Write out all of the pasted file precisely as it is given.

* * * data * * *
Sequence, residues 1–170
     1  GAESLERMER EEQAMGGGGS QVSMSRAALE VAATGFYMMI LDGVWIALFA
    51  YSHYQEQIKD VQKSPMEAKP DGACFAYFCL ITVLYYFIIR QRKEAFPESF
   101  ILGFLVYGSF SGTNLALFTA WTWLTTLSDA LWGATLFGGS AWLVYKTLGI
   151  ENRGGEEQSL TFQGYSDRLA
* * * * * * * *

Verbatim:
Sequence, residues 1–170
     1  GAESLERMER EEQAMGGGGS QVSMSRAALE VAATGFYMMI LDGVWIALFA
    51  YSHYQEQIKD VQKSPMEAKP DGACFAYFCL ITVLYYFIIR QRKEAFPESF
   101  ILGFLVYGSF SGTNLALFTA WTWLTTLSDA LWGATLFGGS AWLVYKTLGI
   151  ENRGGEEQSL TFQGYSDRLA